The New York Film Festival is a marathon, not a sprint, and I hit the wall somewhere around week 3 (sorry, Alexander Sokurov and In the City of Sylvia) but recovered for the final stretch. It’s been a heady month: from the dizzying heights of Blade Runner: The Final Cut and Secret Sunshine, the joyful surprise that is The Darjeeling Limited to the horrors of Redacted, dog-on-girl action of Go Go Tales and Bela Tarr’s elegant snoozefest The Man From London. I also got to shake David Cronenberg’s hand, engage in epic debates over I’m Not There, take candids of Nicole Kidman and Sam Elliott, and meet fellow critics and bloggers who were just names and URLs to me before. Some of my suitcases from Berlin are still not unpacked.

Here are a few gut reactions to the last stray movies; we’ll have thorough reviews for all of them on before long.

No Country for Old Men
The Coen’s Cormac McCarthy adaption is certainly accomplished, and the word “masterpiece” has been bandied about. Maybe so. But especially after seeing Joel and Ethan hem, haw, and shrug their way through the post-screening press conference I can’t help but wonder what this tough-minded, sun-beaten blood letting is all about. Nobody I know ever found a suitcase — or satchel — full of money, and no matter how many significant dreams Tommy Lee Jones narrates in high-falutin’ prose, all of this stuff is nothing but macho artifice. It’s like they made a movie about the “Stranger” character played by Sam Elliott in The Big Lebowski but forgot not to take it too seriously. Ethan and Joel Coen, 2007. ***

Valeria Bruni Tedeschi (Munich, 5×2) directs and stars in a long hard look at the fears and insecurities of the artist’s life, specifically that of an aging actress, harangued by her mother, warned by her gynocologist, terrorized by her director, but always lonely and unfulfilled. Moving but overlong, Actresses reminded me of the Ellen Fanshaw character played by Martha Burns in the outstanding Canadian TV show Slings & Arrows, which handled the same topic with sharper wit. Actresses also stars Louis Garrel and Mathieu Amalric. Actrices. Valeria Bruni Tedeschi, 2007. **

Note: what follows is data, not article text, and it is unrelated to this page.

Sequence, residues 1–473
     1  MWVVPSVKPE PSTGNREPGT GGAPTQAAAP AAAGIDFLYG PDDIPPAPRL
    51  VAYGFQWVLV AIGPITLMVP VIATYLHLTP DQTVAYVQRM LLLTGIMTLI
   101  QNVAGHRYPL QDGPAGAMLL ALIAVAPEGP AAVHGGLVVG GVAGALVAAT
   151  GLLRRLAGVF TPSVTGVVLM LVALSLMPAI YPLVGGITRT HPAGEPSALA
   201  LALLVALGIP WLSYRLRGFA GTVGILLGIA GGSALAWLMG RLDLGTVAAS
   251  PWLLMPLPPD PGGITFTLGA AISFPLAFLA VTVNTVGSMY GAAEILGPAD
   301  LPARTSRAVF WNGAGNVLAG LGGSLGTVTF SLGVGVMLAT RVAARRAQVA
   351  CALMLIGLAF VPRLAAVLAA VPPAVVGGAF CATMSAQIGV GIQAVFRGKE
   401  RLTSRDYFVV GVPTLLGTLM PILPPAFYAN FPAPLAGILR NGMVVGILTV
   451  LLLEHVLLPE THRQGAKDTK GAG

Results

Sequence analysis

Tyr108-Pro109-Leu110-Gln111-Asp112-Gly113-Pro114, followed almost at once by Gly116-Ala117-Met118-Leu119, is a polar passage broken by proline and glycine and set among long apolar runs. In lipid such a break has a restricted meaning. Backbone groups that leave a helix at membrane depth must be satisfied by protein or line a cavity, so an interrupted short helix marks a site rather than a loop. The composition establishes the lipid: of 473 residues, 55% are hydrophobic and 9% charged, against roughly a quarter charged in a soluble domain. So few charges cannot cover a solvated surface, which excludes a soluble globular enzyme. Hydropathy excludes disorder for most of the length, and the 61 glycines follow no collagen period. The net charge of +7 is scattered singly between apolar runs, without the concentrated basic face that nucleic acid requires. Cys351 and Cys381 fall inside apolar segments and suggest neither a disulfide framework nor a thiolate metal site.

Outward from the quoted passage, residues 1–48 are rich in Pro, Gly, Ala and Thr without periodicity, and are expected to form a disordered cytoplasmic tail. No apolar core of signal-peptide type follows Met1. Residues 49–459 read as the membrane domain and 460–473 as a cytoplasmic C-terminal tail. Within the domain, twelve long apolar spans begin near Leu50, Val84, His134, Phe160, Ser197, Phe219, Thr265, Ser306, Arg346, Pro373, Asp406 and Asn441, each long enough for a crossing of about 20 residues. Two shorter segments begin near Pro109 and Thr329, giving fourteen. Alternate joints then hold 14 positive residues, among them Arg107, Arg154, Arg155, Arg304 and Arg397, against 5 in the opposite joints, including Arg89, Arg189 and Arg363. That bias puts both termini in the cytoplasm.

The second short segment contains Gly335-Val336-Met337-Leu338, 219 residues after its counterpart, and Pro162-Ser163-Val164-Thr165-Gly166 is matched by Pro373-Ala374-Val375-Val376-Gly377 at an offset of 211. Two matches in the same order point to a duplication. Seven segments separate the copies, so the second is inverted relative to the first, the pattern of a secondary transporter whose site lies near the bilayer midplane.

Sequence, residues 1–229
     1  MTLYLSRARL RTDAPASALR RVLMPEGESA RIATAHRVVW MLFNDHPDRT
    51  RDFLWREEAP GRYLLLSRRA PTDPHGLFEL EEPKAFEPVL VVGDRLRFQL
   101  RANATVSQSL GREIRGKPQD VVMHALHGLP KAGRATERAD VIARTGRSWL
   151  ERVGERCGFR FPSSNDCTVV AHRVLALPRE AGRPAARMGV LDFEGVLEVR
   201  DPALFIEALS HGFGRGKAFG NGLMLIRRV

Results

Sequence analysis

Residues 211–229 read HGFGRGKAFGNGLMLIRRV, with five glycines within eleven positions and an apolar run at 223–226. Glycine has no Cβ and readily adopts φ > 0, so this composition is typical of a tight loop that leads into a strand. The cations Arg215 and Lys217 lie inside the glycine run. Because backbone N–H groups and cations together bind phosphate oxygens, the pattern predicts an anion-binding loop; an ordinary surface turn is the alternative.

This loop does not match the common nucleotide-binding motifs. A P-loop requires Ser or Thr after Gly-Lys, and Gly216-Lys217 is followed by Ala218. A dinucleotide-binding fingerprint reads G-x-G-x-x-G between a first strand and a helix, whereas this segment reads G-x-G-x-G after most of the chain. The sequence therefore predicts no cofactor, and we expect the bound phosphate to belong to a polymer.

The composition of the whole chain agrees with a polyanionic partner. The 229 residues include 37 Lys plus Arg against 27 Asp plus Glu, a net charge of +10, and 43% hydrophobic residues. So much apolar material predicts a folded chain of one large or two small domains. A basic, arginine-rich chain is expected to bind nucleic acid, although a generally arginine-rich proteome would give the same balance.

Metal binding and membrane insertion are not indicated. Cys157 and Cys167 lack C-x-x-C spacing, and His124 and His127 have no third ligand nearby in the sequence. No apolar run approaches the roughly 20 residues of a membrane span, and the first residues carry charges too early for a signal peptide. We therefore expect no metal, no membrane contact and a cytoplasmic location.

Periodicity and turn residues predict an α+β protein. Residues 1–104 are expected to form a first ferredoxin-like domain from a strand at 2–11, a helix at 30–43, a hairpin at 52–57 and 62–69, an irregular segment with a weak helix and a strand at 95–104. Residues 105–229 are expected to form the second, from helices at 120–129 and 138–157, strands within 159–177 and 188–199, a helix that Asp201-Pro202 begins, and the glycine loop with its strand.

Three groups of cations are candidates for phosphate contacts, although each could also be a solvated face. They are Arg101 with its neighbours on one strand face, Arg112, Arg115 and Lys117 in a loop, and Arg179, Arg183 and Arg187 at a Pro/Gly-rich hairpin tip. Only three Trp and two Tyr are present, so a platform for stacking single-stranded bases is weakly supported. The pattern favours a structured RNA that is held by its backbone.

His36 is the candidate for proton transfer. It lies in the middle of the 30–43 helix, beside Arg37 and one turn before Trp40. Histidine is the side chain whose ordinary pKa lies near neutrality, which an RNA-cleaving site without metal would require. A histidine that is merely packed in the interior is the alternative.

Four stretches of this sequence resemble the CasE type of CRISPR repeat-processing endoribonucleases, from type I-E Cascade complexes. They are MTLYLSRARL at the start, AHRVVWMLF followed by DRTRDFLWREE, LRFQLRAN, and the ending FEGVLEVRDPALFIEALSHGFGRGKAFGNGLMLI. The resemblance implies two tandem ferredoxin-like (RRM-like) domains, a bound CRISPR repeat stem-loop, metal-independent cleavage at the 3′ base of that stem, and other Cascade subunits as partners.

Runnin’ Down a Dream: Tom Petty and the Heartbreakers
Forget about the Redacted brouhaha: this was the real scandal of NYFF45. Only the hardiest of us turned out for this four-hour-twenty-minute rock’n roll documentary directed by Peter Bogdanovich, which lays out Petty’s career in meticulous album-by-album fashion, spiced up by the occasional drug binge and band member flame-out. Mostly narrated by a warm and winning Petty himself, the film is studded with hit songs and quality collaborators including Bob Dylan, Johnny Cash, Jeff Lynne, Roy Orbison, Stevie Nicks, Dave Steward, Eddie Vedder, and George Harrison. Even at its exhaustive length, the film doesn’t drag.

Still, something seemed off to me. Neither live nor on MTV, Tom Petty has ever transported me quite like my favorite rock bands do, but as a veteran of the deafening Walter Reade screening of The Kids Are Alright, I couldn’t help but wonder what was wrong. When Bogdanovich took the stage for the Q&A, he immediatley cleared this up: we were shown the movie in mono.

No wonder I felt underwhelmed; now I was livid. Apparently, there’s a “spectacular” 5.1 mix that would have “lifted [us] right of our seats,” but somebody somewhere fucked up good. I’m sorry, Film Society at Lincoln Center, I dearly love what you do, but if you’d told me I was going to waste an entire day on an epic rock’n roll documentary and only see it in mono, I would have caught up on some desperately needed sleep. Peter Bodanovich, 2007. ***

Marjane Satrapi’s autobiographical comic books are marvels of deceptively simple storytelling and clear black lines that carry surprising emotional weight. The movie adaptation does a fantastic job of setting the images I loved to linger over into motion. One of the best of the year. Much more very soon. Vincent Paronnaud and Marjane Satrapi, 2007. ****

Here’s a list of all the films I saw at the festival, ranked by how much I liked them. Movies I most regret missing include Silent Light, 4 Months, 3 Weeks, and 2 Days, and the repeat screening of The Darjeeling Limited.

See all posts about the New York Film Festival.

And finally, here’s the video for “Into the Great Wide Open,” starring Johnny Depp and Faye Dunaway — because somehow Bogdanovich couldn’t spare the 6 1/2 minutes of his 253 to show us the entire thing. You’ll find that the YouTube clip actually sounds better than what we saw at the Walter Reade.